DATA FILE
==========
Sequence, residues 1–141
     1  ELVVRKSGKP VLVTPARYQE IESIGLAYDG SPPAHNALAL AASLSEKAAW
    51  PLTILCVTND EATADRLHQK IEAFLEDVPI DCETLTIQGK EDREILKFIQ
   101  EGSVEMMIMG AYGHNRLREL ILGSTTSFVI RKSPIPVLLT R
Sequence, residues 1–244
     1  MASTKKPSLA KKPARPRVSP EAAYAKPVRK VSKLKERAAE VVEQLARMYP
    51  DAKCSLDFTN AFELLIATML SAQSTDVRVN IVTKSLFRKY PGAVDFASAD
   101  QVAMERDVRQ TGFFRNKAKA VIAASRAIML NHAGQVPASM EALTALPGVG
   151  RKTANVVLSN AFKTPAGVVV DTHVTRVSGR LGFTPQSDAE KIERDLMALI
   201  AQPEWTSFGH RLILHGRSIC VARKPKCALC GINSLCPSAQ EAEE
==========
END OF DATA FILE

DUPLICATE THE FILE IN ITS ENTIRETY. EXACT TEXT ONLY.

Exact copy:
Sequence, residues 1–141
     1  ELVVRKSGKP VLVTPARYQE IESIGLAYDG SPPAHNALAL AASLSEKAAW
    51  PLTILCVTND EATADRLHQK IEAFLEDVPI DCETLTIQGK EDREILKFIQ
   101  EGSVEMMIMG AYGHNRLREL ILGSTTSFVI RKSPIPVLLT R
Sequence, residues 1–244
     1  MASTKKPSLA KKPARPRVSP EAAYAKPVRK VSKLKERAAE VVEQLARMYP
    51  DAKCSLDFTN AFELLIATML SAQSTDVRVN IVTKSLFRKY PGAVDFASAD
   101  QVAMERDVRQ TGFFRNKAKA VIAASRAIML NHAGQVPASM EALTALPGVG
   151  RKTANVVLSN AFKTPAGVVV DTHVTRVSGR LGFTPQSDAE KIERDLMALI
   201  AQPEWTSFGH RLILHGRSIC VARKPKCALC GINSLCPSAQ EAEE